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New and Selected Poems 1991-2011
RRP: GBP 12.95
You Save: GBP 1.29
Price: GBP 11.65
This title is available for academic inspection (paperback only).
ISBN: 978 1 847770 94 3
Categories: 21st Century, Women
Imprint: Carcanet Poetry
Published: November 2011
216 x 135 x 15 mm
Publisher: Carcanet Press
Also available in: eBook (EPUB), eBook (Kindle)
Child:New and Selected Poems 1991-2011 combines a generous collation of poems from Mimi Khalvati’s five Carcanet volumes with previously uncollected sequences. She orders her work autobiographically, telling the stories of her life in four sections: childhood and early adulthood; motherhood; meditations on light; and love and art, circling back to childhood in her celebrated final sequence (‘The Meanest Flower’). The figure of the child stands at the centre of the book, appearing in many guises: the poet as a schoolgirl on the Isle of Wight, or in half-remembered later years living with her grandmother in Tehran; her two children, now grown up; children in art; and an enduring sense of oneself as a child that is never left behind.
Here is the essential Khalvati: exquisitely nuanced, formally accomplished, Romantic in sensibility; rapturous and tender in response to nature, family and love. Her poems, David Constantine writes, ‘say what it feels like being human, the good and the ill of it, with passion, tact and lightness.'
The Alder Leaf
Listening to Strawberry
Ghazal: The Servant
The Woman in the Wall
Stone of Patience
from Plant Care
Boy in a Photograph
from The Inwardness of Elephants
The Robin and the Eggcup
Ghazal: The Children
from Entries on Light
Sunday. I woke from a raucous night
Today’s grey light
Scales are evenly weighed
The heavier, fuller, breast and body grow
I hear myself in the loudness of overbearing waves
Speak to me as shadows do
It’s all very well
Light’s taking a bath tonight
With finest needles
Dawn paves its own way
Everywhere you see her
Don’t draw back
Light comes between us and our grief:
One sky is a canvas for jets and vapour trails
Black fruit is sweet, white is sweeter.
And had we ever lived in my country
I loved you so much
This book is a seagull whose wings you hold
: that sky and light and colour
An Iranian professor I know asked me
All yellow has gone from the day.
It’s the eye of longing that I tire of
It is said God created a peacock of light
Why does the aspen tremble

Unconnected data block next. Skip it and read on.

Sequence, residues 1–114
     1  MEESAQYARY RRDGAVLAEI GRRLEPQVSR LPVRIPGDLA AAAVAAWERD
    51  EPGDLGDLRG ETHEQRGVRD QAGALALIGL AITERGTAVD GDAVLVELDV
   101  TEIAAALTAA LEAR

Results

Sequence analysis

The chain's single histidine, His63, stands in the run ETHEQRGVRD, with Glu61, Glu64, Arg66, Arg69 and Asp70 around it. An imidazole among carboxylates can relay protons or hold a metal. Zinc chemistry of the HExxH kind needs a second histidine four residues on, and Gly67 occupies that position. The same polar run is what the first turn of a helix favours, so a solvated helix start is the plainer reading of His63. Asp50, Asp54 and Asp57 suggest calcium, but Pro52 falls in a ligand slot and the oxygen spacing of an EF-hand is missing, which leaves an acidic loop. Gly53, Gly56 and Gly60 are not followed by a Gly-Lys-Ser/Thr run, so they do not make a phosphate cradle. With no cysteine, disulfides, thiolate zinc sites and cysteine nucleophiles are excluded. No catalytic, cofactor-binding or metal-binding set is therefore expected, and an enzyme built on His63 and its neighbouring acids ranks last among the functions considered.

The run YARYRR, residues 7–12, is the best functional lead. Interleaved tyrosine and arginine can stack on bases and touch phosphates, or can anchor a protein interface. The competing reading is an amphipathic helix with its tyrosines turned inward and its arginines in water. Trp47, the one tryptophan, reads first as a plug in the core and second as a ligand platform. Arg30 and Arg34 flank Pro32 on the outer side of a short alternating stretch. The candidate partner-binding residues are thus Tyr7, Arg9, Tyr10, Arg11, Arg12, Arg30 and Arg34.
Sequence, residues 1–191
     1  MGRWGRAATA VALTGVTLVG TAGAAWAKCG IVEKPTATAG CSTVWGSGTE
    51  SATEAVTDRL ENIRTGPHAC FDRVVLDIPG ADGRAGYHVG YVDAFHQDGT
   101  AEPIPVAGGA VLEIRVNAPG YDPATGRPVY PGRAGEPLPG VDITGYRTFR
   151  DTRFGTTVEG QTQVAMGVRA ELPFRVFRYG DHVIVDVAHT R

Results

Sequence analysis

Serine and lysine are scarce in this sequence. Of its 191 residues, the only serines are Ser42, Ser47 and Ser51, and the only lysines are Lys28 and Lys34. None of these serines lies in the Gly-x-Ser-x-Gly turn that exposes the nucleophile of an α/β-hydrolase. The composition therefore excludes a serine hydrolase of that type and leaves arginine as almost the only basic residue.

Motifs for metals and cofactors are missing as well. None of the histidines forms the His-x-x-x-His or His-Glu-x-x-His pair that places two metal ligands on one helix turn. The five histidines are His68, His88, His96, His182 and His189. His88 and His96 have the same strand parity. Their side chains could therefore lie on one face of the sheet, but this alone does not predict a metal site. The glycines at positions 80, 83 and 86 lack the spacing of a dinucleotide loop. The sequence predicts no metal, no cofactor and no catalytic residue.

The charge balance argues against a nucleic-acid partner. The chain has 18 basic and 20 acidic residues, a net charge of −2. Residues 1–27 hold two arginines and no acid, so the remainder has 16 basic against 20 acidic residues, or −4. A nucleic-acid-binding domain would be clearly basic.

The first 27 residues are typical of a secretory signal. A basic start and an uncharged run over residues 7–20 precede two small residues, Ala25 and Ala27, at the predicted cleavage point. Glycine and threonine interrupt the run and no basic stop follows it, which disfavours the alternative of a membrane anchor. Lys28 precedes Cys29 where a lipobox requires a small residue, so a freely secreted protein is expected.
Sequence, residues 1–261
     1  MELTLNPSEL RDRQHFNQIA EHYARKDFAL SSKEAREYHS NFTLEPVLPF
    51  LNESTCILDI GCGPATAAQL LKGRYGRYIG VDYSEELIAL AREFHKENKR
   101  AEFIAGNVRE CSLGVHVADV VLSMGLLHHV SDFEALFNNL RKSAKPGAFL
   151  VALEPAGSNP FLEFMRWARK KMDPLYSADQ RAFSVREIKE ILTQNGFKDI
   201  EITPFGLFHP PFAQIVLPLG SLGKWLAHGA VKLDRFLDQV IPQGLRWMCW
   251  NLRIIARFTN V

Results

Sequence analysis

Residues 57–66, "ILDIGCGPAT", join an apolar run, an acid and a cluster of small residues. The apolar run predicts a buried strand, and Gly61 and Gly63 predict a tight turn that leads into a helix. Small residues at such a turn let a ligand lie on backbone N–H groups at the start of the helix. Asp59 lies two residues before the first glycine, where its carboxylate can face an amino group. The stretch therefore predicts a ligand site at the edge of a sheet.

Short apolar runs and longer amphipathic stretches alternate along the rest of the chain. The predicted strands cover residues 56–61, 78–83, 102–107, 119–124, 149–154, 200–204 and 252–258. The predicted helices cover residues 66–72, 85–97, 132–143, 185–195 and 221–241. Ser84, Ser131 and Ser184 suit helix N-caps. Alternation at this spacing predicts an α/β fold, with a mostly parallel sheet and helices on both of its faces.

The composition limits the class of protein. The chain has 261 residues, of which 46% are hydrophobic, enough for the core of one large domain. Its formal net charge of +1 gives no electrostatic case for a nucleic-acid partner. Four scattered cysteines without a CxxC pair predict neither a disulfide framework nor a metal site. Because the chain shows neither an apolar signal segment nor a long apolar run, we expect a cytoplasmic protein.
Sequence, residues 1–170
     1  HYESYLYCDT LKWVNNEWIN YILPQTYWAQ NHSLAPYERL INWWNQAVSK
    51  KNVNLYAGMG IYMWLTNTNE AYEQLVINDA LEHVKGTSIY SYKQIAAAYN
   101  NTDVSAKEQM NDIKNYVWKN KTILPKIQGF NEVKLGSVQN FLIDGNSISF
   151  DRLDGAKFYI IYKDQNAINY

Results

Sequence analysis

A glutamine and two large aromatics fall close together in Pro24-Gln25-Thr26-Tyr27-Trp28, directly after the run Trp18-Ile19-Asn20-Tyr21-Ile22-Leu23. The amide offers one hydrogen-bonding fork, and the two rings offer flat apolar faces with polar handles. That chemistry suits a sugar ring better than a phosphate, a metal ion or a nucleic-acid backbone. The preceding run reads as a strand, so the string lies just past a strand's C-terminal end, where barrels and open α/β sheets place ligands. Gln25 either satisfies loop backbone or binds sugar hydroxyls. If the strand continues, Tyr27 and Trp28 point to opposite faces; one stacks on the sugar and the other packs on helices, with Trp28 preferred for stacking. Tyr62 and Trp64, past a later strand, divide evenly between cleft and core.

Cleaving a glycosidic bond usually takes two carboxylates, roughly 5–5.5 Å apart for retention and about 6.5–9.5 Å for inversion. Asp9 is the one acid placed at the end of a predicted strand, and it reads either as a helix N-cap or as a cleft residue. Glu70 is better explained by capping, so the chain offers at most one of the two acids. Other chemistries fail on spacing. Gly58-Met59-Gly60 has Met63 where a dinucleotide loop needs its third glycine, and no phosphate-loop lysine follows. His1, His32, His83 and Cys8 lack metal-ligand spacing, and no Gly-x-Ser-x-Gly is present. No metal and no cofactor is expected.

And suppose I left behind
Finally, in a cove
The Love Barn
Ghazal after Hafez
Ghazal: To Hold Me
Ghazal: Lilies of the Valley
Ghazal: It’s Heartache
Ghazal: Of Ghazals
Love in an English August
Ghazal: Who’d Argue?
Just to Say
Don’t Ask Me, Love, for that First Love
On Lines from Paul Gauguin
Ghazal: The Candles of the Chestnut Trees
The Mediterranean of the Mind
The Middle Tone
On a Line from Forough Farrokhzad
The Meanest Flower
New and Uncollected Poems
The Streets of La Roue
The Poet’s House
Praise for Mimi Khalvati This brilliant poet's crab-apple tree imparts the same kind of gorgeous and devastating self-knowledge granted Eve by the biblical Tree of Life.
Rafel Campo, Boston Review
This open and generous readiness to engage with all realities and see their worth gives Khalvati her power... graceful accomplishment is always in the service of a fundamental seriousness.
Bernard O'Donoghue, Poetry London
A lovely book, so accomplished, various, comprehensive and abundant. The poems are quick and touching, joyfully and sorrowfully open to the phenomena of the real world, they say what it feels like being human, the good and the ill of it, with passion, tact and lightness.
David Constantine Khalvati's writing draws on diverse worlds and poetic traditions, and enriches the dominant culture of British poetry...Intricate, sensuous and vulnerable...Mimi Khalvati's work will endure.
Moniza Alvi, Poetry Wales
Mimi Khalvati is one of the most poignant and graceful poets writing in England currently. The Meanest Flower speaks often of grief and loss but also of great pleasure in the world, in gardens, in loves, in other people. Under the lyricism there is an iron control that achieves its grace through subtlety. There reader is aware one is in the presence of a mind, a heart and an ear that has been schooled in depth, that finds it as naturally as do the flowers of the title.
Khalvati writes exquisitely nuanced lyrics of love and loss, which draw on childhood, motherhood and the natural world. These [The Meanest Flower] are tender poems in the English Romantic tradition.
No. 3 in 'The Ten Best New poetry collections' - Independent, 2007
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